Category Archives: Gatherings

Pessimist vs Optimist

I must admit am a pessimist. I worry about the worst case scenario happening. I am happy to say I am usually wrong, though. You would think that I would have sufficient evidence by now to be more optimistic about things, but that hasn’t happened yet.

I was really worried during  our recent trip to  my father in law’s funeral.   Husband comes from a blended family with two full siblings and their spouses, three step siblings and their spouses, and various married children and their spouses.  We all have traditionally got along pretty well, but for some reason I was worried about all Hell breaking loose when everyone was together en masse for the first time in 25 years.  My training  as a psychologist causes me to hypothesize about future behavior, and I focus on negative possibilities.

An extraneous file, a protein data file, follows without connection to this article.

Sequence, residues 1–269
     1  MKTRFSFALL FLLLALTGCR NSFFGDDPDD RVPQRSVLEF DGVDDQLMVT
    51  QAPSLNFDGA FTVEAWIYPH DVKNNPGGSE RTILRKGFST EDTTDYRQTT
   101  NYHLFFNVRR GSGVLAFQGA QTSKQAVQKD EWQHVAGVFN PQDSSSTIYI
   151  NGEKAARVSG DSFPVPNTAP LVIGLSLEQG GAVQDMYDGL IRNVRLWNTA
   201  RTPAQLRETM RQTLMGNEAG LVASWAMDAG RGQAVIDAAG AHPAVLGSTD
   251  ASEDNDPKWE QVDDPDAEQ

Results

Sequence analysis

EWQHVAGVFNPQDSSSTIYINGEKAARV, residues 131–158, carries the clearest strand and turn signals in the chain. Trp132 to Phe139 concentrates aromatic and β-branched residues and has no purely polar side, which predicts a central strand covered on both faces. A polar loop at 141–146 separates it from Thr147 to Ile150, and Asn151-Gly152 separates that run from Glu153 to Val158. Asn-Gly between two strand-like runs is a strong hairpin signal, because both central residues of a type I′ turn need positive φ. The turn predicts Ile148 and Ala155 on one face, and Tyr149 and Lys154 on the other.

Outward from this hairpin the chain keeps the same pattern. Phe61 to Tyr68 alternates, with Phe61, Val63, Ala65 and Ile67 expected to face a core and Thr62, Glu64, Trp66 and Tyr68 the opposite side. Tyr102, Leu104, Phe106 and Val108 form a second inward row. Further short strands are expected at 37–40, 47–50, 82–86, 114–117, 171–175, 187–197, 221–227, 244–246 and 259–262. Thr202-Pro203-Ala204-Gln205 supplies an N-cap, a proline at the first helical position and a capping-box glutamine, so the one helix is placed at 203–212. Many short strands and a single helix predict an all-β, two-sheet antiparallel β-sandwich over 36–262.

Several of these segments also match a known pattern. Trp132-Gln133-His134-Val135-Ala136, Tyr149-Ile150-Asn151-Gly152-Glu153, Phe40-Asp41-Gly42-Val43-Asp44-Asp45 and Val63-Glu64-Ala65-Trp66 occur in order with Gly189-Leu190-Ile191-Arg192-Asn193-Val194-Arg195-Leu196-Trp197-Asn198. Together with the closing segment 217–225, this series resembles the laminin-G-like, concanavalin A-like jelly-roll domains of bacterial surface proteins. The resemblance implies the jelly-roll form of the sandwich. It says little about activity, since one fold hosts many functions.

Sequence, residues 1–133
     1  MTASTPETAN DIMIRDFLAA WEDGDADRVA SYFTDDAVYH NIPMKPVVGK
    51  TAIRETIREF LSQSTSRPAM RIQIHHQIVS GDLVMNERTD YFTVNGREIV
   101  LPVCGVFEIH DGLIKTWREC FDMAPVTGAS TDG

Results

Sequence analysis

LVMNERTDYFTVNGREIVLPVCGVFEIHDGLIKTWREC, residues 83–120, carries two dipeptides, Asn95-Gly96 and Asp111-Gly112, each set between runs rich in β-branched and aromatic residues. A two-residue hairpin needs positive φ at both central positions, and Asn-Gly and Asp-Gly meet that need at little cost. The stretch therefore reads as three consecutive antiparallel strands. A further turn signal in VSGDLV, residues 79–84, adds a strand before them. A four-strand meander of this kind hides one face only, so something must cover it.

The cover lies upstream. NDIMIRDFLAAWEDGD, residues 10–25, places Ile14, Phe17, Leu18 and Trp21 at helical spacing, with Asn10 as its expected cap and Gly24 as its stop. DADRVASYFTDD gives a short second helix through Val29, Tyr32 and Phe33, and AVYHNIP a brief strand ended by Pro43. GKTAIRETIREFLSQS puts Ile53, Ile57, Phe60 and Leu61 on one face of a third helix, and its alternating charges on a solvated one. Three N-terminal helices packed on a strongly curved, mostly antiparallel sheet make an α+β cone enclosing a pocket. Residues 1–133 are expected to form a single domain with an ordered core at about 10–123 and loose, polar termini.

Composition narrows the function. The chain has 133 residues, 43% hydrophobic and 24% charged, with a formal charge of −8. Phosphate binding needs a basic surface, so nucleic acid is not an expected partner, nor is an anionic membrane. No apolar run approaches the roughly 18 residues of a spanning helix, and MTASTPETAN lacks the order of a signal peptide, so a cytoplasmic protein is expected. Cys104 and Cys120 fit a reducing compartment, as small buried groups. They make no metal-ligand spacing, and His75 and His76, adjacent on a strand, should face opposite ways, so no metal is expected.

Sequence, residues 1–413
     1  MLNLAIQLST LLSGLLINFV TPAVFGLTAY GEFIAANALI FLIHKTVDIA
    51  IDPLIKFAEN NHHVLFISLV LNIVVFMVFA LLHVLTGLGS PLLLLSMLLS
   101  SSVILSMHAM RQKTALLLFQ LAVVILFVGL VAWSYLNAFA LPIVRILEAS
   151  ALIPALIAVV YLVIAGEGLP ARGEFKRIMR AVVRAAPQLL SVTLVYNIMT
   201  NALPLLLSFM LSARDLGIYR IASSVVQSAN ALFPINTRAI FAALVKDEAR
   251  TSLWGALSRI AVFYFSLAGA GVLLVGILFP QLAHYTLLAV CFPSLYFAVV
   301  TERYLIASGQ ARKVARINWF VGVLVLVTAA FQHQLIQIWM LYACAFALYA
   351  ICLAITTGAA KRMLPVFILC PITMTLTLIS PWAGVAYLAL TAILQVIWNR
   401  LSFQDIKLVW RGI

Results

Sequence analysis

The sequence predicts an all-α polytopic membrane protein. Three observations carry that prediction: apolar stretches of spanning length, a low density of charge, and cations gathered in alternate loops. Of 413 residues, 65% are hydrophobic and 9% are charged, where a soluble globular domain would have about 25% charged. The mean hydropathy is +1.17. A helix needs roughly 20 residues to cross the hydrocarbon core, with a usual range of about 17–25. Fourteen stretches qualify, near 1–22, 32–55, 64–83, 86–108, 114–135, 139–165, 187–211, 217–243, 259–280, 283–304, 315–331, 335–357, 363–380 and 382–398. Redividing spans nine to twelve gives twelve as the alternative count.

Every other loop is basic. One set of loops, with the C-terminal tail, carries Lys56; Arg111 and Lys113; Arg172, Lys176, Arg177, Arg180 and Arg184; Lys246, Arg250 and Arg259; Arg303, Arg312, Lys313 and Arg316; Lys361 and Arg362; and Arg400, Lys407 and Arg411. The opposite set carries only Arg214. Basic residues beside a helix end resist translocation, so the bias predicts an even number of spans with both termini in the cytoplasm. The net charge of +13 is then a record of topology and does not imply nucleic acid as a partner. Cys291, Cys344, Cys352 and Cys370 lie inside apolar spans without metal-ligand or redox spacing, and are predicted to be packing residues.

We have a Trump-loving NRA fanatic, two Bipolar Manic types (one of whom refuses to take medications),  some who drink too much, someone with a pain medication addiction, a hoity toity, self appointed manners expert, several evangelical conservative Christians, ELCA Lutherans, and several liberal Democrats.  What could go wrong when everyone is upset over a death?  Plenty, in my pessimistic mind!

Well, I was completely wrong. Everyone was pleasant, no one drank too much, and no one was manic. The NRA supporter was so angry about the scandals at the NRA headquarters he could hardly speak about it, and religion and politics and manners critique took a holiday. Phew!

When have you been wrong? What are you pessimistic or optimistic about?

State Fair Checklist

  • Ask boss for every day of the State Fair off. Check.
  • Get tickets and coupon books (that’s right, two books). Check.
  • Make grid of which kinds of dogs are at the Pet Pavilion on which days. Check.
  • Add what days there are bunnies at the bunny barn to the grid. Check.
  • Check where this year’s Park & Ride lots are situated. Check.
  • Install the State Fair app on my phone. Check.
  • Look at all this year’s new food with YA. Check.
  • Extra points for writing some of the new foods on the grid. Check.